Our History

In the local language, La Caminade means “The Presbytery or curate’s house”.
Until the French Revolution the estate belonged to the clergy,
hence the name “Domaine de la Caminade”.





In 1895, Antonin Ressès, our great grand father, inherited the Domaine du Château la Caminade. This place has a fascinating history, as up until the French Revolution it belonged to a monastery. The monks knew how to select the best soils and in those days, used to produce the best wines.
In 1973, as soon as the “Appellation Cahors Contrôlée” our grand father Marcel and our father Léonce decided to market all of their production in bottles. Château la Caminade underlined by numerous medals and awards.
At the present time, we are two brothers (Dominique and Richard), the fourth generation, run the 27 hectare estate.




of Cahors wine


The conquests of the The Roman Empime brought grape vines to the Quercy region some 2000 years ago.
Within no time, the wines of the region were recognised for their quality, thereby causing detriment to the production from Italy
In the year 92, AD, the Emperor ordered that al the vines in Cahors be puled out.
It was not until 276 that the Emperor Probus allowed vines to be replanted, and then during the folloowing centuries, barbarian invasions laid waste the province of Quercy and its wine-growing activity.
In 630, the Cadurcien vineyards were helped back to prosperity by Saint Didier,




Bishop of Cahors, to whom the Bishop of Verdun wrote:
“I give thanks to your Eminence fo the ten jars of the noble Falerno which he was gracious enough to send me.”




The marriage in 1152, between Alienor of Aquitaine and Henri Plantagenet, the future king of England, encouraged the developpment of winegrowing in Southwest France, especially in Cahors. The production of “The Black Wine of Cahors”, extremely appreciated by the British, grew considerably during this period..
Henry III of England, “enjoinced in 1225, the authorities of Bordeaux not to stop nor to impose a tax whatsoever on the wines that the merchants fromm Cahors, under his protection, were bringing to Gironde”.
Moreover, during their stopover at Rocamadour, the pilgrims of Saint James of Compostela found the wine of Cahors to their liking, and thereby contribued to its good reputation throughout France and elsewhere.


Cahors wine sales reached their apogee in 1310 with a production of 850 000 hl, representing 50 % of exports leaving from the port of Bordeaux. From 1325 onwards, Pope Jean XXII, born in Cahors and presiding in Avignon, called on wine growers from the Lot to create the pope’s own vineyard (Châteauneuf du Pape).
Over the couirse of the following centuries, despite opposition from the wine growers and merchants of Bordeaux to the Cahors wine trade, closely kinked to the river traffic through the Lot and the Lot-et-Garonne, Cahors wine acquired and international reputation. Famous people born in the Lot contributed to its renown, like the poet Clement Marot (1496-1544) who sang the praises of the “strong, full-flavoured liquor” of his native Cahors.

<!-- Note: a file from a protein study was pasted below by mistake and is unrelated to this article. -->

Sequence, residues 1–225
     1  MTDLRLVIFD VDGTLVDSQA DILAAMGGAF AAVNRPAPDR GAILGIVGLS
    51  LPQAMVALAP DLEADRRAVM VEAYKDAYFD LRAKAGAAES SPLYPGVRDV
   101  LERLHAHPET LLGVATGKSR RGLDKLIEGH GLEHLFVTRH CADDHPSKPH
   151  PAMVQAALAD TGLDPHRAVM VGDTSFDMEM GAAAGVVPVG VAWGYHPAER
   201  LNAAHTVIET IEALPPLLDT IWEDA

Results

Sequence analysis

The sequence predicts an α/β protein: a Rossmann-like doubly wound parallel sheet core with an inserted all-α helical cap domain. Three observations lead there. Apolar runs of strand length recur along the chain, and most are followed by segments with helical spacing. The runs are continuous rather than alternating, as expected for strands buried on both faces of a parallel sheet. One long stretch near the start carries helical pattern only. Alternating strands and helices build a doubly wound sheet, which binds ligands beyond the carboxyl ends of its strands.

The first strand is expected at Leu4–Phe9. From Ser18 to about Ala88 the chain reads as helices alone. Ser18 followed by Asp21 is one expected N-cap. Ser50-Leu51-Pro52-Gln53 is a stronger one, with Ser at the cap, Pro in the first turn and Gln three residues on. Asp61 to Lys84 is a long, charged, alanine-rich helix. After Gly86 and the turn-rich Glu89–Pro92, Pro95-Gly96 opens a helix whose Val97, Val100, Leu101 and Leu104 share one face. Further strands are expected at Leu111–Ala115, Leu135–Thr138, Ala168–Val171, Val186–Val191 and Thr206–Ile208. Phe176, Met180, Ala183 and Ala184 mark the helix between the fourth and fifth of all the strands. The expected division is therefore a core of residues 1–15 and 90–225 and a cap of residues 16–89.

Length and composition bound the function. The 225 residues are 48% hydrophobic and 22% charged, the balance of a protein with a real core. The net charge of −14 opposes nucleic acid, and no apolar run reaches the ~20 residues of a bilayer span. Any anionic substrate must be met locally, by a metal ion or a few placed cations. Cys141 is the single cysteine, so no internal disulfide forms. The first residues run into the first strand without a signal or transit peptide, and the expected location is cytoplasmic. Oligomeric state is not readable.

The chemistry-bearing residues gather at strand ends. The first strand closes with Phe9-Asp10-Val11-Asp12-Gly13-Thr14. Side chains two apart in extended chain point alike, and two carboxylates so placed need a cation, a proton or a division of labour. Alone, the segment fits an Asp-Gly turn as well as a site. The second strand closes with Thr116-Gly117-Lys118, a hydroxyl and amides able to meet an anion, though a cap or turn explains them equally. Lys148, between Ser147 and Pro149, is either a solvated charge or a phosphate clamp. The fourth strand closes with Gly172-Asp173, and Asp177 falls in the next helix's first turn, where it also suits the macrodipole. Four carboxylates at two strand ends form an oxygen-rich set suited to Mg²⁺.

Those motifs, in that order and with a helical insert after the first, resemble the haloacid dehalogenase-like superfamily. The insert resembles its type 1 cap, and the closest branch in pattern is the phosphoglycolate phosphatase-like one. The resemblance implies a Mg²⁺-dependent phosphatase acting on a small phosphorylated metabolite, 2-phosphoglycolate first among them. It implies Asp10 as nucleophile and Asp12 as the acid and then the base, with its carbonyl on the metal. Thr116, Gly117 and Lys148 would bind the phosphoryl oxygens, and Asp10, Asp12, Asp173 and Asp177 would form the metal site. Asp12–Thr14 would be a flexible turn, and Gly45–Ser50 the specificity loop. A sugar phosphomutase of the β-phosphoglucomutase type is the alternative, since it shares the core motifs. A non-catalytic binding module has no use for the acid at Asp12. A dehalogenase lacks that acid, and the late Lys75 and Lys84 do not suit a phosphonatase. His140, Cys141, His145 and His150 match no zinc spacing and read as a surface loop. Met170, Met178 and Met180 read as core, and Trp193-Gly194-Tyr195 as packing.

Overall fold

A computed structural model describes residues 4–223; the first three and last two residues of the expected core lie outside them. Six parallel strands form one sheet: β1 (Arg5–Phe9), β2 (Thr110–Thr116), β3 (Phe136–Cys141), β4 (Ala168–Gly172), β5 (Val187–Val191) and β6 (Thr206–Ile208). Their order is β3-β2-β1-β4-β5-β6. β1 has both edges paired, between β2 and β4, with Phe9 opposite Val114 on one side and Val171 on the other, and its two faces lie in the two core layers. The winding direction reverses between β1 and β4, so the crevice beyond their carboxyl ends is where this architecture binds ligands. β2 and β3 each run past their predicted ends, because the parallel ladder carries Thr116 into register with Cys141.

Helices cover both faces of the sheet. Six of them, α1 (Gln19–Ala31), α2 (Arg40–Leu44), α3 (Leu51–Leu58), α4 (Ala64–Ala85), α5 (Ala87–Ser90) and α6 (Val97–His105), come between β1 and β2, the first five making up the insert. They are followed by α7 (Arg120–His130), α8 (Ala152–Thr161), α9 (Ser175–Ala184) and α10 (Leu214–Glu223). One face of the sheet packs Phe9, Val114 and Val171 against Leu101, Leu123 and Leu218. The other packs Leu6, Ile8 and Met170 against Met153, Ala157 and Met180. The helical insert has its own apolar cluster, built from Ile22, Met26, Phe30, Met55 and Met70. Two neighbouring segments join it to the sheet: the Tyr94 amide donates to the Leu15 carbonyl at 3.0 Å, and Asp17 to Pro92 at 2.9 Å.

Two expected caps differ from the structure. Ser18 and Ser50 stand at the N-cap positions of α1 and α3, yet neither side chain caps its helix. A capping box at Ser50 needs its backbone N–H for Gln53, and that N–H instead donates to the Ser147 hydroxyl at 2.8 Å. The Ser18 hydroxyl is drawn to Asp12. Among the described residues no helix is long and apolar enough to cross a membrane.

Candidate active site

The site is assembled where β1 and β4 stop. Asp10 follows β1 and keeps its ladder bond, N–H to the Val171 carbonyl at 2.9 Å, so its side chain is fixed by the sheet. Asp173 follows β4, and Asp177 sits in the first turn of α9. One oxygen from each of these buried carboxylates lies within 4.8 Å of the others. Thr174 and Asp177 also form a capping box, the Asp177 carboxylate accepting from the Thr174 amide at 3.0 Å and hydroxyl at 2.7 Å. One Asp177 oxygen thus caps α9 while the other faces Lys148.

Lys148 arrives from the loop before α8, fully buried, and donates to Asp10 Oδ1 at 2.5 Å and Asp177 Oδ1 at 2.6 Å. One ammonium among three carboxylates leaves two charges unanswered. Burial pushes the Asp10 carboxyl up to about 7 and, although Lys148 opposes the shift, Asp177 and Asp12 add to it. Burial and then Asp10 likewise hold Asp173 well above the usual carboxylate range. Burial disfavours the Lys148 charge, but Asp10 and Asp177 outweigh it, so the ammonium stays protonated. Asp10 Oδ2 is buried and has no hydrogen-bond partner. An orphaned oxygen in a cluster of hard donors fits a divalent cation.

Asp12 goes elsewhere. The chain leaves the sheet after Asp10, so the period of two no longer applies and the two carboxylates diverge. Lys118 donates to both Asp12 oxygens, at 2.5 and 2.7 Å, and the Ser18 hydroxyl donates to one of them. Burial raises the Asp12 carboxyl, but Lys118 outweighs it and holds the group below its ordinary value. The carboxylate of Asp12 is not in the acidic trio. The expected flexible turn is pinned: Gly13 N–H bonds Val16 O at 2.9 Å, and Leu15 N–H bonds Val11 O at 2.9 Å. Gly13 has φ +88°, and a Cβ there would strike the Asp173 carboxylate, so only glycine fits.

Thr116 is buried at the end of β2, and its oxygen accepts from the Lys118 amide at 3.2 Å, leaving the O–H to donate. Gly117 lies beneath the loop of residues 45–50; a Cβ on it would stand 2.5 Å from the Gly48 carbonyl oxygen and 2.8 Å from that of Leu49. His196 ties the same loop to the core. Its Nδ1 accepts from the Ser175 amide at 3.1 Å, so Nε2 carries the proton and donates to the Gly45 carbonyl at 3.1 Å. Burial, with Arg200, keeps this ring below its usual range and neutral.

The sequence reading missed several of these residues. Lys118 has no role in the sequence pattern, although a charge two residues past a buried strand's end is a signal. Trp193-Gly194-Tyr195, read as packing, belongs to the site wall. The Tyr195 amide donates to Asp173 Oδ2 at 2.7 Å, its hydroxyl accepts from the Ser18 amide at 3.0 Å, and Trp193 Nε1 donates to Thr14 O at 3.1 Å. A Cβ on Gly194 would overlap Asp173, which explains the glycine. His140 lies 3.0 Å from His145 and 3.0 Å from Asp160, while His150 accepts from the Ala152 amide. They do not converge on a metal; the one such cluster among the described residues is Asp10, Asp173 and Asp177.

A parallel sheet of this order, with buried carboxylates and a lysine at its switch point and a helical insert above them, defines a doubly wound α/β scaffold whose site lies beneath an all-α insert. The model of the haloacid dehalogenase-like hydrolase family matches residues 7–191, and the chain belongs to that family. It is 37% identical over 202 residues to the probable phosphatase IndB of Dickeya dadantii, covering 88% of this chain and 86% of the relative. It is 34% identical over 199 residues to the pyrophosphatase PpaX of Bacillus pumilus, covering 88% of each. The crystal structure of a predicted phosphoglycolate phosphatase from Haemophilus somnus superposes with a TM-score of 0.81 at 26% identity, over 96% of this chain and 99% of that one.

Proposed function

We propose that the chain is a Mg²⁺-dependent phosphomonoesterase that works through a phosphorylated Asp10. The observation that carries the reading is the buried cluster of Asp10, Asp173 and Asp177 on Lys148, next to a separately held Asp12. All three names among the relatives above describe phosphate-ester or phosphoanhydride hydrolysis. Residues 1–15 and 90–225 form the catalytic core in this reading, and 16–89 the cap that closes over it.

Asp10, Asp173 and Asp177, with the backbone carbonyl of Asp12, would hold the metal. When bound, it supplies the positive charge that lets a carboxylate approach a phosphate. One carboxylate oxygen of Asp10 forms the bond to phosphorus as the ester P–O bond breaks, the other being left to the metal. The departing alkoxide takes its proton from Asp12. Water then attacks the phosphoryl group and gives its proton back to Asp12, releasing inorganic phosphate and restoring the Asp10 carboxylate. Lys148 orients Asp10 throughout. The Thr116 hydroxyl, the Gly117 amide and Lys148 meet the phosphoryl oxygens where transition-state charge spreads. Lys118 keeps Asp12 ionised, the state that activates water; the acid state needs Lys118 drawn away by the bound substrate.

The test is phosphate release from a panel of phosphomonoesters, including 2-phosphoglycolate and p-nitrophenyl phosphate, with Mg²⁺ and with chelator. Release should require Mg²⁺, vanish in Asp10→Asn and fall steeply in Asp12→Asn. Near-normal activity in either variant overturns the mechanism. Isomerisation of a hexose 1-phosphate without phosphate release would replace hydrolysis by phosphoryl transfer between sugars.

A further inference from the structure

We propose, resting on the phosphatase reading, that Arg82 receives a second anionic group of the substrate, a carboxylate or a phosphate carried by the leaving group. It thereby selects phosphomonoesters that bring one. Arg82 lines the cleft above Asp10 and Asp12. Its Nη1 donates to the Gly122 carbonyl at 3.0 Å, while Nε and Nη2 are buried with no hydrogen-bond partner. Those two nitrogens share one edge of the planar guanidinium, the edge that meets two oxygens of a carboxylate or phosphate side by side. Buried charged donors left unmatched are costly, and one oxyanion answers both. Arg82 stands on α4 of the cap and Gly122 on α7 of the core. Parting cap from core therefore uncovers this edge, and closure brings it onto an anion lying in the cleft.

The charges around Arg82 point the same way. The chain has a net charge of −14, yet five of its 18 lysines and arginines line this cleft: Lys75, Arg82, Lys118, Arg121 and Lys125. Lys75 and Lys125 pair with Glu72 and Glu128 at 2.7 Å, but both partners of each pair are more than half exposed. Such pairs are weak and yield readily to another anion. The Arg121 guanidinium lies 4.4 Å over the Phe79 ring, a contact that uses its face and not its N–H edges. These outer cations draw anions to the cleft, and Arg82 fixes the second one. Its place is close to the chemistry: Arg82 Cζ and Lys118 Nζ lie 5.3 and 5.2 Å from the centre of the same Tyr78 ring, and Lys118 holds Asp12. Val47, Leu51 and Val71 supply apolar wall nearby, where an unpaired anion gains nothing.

The One undred years War put an end to a long period of prosperity. A mandate in 1373 offered an advantage to the wine production of Gironde, as it overtaxed the wines of the hinterland, especially Cahors.
Despite this discrimination, which was only to be abolished in the 18th century, Cahors remained a renowned wine, appreciated by the likes of François the Ist, who asked for a vine with the “Cahors” grape variety to be planted at Fontainebleau, and Peter the Great of Russia who imposed it upon the Orthodox Church. In his World History of Wine, Hugh Johson pointed out in reference to the 17th century: that, when it comes to red, the Dutch prefered strong and dark beverages, like Cahors, their ideal wine.


The vineyard represented some 58 000 hectares in 1866. But as of 1865, a microscopic aphid, extremely detrimental to vines, and well-known under the name of Phylloxera appeared in France. It infested all fo France’s growing regions within less than twelve years, destroying the intire vineyard of Cahors.

Despite this disaster, the wine sector was kept in place. But the hybrids used only produced pale copies of the original wines.



However, in 1930, a few pioneers who were convinced of the intrinsic merits fo Cahors wine in spite of its decline, had managed to obtain a legal status for it, confirmed by its classification as a V.D.Q.S. on 2nd April 1951. The freezing conditions of 1956 once again brought ruin to many winegrowers in the Lot. But nobody threw in the towel and everyone set to work again. In 1964, the Confrerie des Vins de Cahors (Cahors Wine Guild) came into being. In 1971, these efforts were rewarded: President Pompidou, adopted son of Cajarc in the Lot, and a great lover of Cahors wine, pronounced the classification of Cahors Wine as an “Appellation d’Origine Contrôlée”.